12 Comments

  • Louise Hewitt

    December 27, 2009 at 12:03 pm

    Great article and easy to transfer to clients / managers. Many intranets are stepping into this realm, and typically suffering while they learn the lessons of appropriateness, how to encourage participation, moderation, and maintenance.

    This article is a lovely summary of the key point of good social media experience. Thanks Erin.

  • Eric Seaholm

    December 28, 2009 at 8:18 am

    Encouraging article. Wise to add a dash of realism by suggesting we need not do everything at once, but rather let it grow over time. Nothing is ever finished; the evolution of life.

  • Ben Curnett

    December 28, 2009 at 2:47 pm

    Seems like step 2 has the most practical parts/most widely used elements in it.

    The parts and pieces brought up in the other steps, to me, are more core components to particular networks or services. The sites that use these features were designed to “be social” rather than adding social, like you say at the beginning. Still, great post- everything in one place, good examples- I can definitely use this as a reference. Thanks Erin.

    One example of a social comments feature I like is on Men With Pens dot com, where commenters are IDed by their last blog posts, linked to their own sites. I think it encourages comments, and prevents people from having to be slick or sales-y, trying to link to their own posts. It can be abused, sure, but what can’t?

  • Linda Seamore

    January 5, 2010 at 8:24 pm

    This is a great article. Thought this would amount to a lot of repetitions before in can get synced to my system. Thanks!

  • Martin Kono

    January 8, 2010 at 12:21 pm

    Great article. I’m planning to extend my current website profile and it helped me a bit. Maybe my site isn’t too big now and it’s based on wordpress cms but I’m planning to switch to custom cms.

  • laurie kalmanson

    January 11, 2010 at 3:44 pm

    Web sites grow and change over time, and accommodating change is helpful for clients and their customers

  • Lance Quejada

    January 15, 2010 at 11:56 am

    I’d like to point out that in #3 you got it right. One of the best example would be twitter, when it started there was really no convention in interacting through 140 characters, over time users devised a way to better express themselves hence the creation of hashtags, RT, DM, and etc. later these conventions were officially adapted by the platform.

    Really a good read! :)

  • Kieran Flanagan

    January 15, 2010 at 9:51 pm

    The growth of social media is drastically changing both the way we do business and the way we interact with each other. How popular the websites become is really down to how technology facilities the growth and how well it becomes part of peoples every day lives. If you look at twitter, it was really when celebrities starting using it, that it became so popular. Lance made a good point, opensource really is the best way to watch technology evolve. If you hand it over to the people, they will find ways to use it that you never thought possible (good example is Linux).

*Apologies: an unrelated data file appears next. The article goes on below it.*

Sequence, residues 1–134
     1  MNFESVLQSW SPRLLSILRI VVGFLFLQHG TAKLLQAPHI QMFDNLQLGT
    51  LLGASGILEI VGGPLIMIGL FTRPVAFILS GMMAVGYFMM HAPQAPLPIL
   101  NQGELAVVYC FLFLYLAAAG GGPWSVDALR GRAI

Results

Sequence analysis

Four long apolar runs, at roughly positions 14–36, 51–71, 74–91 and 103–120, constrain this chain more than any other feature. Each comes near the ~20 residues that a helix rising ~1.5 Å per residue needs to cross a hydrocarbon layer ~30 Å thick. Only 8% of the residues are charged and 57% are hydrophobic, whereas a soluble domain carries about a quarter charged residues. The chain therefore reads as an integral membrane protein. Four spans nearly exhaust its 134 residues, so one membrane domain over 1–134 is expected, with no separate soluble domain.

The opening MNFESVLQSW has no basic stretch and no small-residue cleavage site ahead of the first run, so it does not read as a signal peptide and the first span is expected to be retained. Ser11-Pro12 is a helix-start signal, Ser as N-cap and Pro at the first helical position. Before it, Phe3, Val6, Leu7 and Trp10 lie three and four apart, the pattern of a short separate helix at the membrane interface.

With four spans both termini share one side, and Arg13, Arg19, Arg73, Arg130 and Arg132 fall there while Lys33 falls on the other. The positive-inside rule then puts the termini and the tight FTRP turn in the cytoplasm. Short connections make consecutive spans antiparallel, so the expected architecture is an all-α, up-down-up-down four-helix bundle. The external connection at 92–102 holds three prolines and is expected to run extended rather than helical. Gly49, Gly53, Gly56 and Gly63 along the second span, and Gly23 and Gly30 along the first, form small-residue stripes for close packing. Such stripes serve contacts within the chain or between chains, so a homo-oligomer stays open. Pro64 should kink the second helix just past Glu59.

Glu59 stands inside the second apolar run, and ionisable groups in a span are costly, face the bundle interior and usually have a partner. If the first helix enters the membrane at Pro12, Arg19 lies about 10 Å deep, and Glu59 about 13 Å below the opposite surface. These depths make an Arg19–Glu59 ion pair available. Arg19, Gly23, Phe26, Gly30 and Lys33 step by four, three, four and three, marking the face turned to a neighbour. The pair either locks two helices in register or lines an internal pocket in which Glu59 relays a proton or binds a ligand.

• rajat julka

    January 26, 2010 at 8:15 am

    Good Article… Erin.

    There are a lot more features and concepts (depending upon your target audience) available for social sites but the above points as mentioned by Erin are basic foundation blocks. I believe point number two and three are the most important points for consideration while creating a social networking site. More social interactions/participation on sites with little or simple UI interactions is the mantra for a successful site.

    Again… thanks for sharing this nice article Erin… Keep posting :)

  • Linh Mcdermott

    February 10, 2010 at 12:26 am

    Great article, i think that points 3 is useful to give users a something to do on the site that doesnt require any effort (such as thumbs up rating . This is a great way to get users to participate without registering. Once users are comfortable with the idea of contributing more, they can register and create a profile.

    Also there must be some reason to keep coming back to the site and do or participate.
    Too much to do and too much choice? Do users have too much choice to comment about virtually everything?

    It would be nice is if more site had profiles which carried over to other sites, so essentially you only have one or a few, not multiple on each site, so users are constantly, something which Facebook and PublicSquare seem to do. Understandably each site/ service provider want their own private database.

  • karl long

    February 22, 2010 at 12:43 am

    This is some of the best writing I’ve seen done on “designing social”, it’s really, really good.

    That being said this site, Boxes & Arrows needs to keep up technically, the sign up process I just had to go through was totally unnecessary, it asked for a lot of simple things in the on the form that it could have grabbed automatically from a number of services via Twitters Oauth, facebook connect, openID, etc. As a user I hate it when a site asks me to do unnecessary work :) and in a number of cases you could offer people different login options depending on the referer (if it hasn’t been broken by a url shortner that is).

    Hope I don’t lose reputation points for moaning :)

    http://twitter.com/karllong

  • Sam Cannon

    March 4, 2010 at 12:12 am

    Would suggest that you look at Maslow’s B-values in terms of the “things” that seduce tribes into working for them.

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